The difference between an apprenticeship and traineeship

19 December 2016

Did you know Australia’s apprenticeship system was imported from Great Britain with permanent European settlement in 1788? And that apprenticeships are one of the few employment institutions from medieval times still recognisable today? Impressive, right?

But, enough of the history lesson. We’re here to explain the differences between an apprenticeship and a traineeship – two sought after pathways that are sometimes confused, and a little misunderstood.

Let’s start with what apprenticeships and traineeships have in common.

Both pathways enable you to “earn while you learn” and gain real, practical work experience while working towards completing a nationally accredited Vocational qualification (usually at Certificate level). Apprenticeships and traineeships are available full time or part time and can even be undertaken at while at school (from working age).

The single biggest difference between the two types is time and type…

Apprenticeships typically take four years to complete and traditionally cover skilled trade areas such as engineering and metal fabrication, automotive and mechanical, construction and building and electrical specialisations.

Traineeships offer a broader range of occupational choices – anything from agriculture, to hospitality and business. The training component of a traineeship is usually shorter and can take between one to two years to complete.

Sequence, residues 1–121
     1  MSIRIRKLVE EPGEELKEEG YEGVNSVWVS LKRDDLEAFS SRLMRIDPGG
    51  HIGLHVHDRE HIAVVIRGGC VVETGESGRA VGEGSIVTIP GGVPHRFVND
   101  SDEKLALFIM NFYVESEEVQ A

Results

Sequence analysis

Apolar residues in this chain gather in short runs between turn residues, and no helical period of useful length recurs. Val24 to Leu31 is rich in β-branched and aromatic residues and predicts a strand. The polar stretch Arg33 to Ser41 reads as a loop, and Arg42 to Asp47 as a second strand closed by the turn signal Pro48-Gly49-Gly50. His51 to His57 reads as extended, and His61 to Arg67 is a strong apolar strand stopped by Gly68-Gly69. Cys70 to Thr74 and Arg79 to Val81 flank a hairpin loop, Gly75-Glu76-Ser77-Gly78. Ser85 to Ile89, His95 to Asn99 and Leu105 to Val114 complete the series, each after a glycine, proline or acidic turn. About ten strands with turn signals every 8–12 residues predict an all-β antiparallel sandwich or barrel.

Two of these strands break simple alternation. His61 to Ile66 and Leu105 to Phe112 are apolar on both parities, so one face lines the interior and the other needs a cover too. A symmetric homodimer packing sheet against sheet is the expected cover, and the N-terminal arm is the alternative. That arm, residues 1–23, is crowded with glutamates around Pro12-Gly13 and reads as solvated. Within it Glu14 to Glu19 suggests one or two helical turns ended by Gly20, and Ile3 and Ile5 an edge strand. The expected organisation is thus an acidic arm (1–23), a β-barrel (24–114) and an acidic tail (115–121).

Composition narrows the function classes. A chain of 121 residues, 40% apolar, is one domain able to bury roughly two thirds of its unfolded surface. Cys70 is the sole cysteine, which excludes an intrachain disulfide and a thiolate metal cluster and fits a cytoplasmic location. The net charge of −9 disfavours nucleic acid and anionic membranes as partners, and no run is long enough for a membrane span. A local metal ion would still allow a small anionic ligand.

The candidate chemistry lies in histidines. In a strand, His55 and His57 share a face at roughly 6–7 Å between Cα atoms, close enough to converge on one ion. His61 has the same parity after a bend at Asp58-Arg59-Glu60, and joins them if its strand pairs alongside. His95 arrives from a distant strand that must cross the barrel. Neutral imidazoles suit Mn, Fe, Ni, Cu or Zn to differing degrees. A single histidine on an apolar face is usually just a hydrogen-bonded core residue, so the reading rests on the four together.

So which one is right for you?

Apprenticeships are the perfect way to learn your trade of choice. The strength of an apprenticeship over going to university after school (apart from avoiding a sizeable HELP debt) is that you’ll actually receive technical on-the-job training in real workplaces and work sites. An apprenticeship can lead to a huge range of career options and opportunities – from earning a great living in the mines, working in small business, working on major construction projects and even owning your own business.

Traineeships are an entrée to the world of work. For example, a business administration traineeship gives you a “taste” of a variety of functions in a traditional workplace including customer service, finance support, administration, marketing and human resources. Not bad to have on your resume, don’t you think? Some school leavers think of a traineeship as a gap year – an opportunity to do flexible work, obtain a qualification and get paid before deciding what the future holds.

So, where to from here?

Read about the career story of MIGAS trainee, Karli Humphries, or find out how an electrical apprenticeship took James Maslin on a working trip to China.

If you think an apprenticeship or traineeship might be right for you, check out our latest available jobs here.

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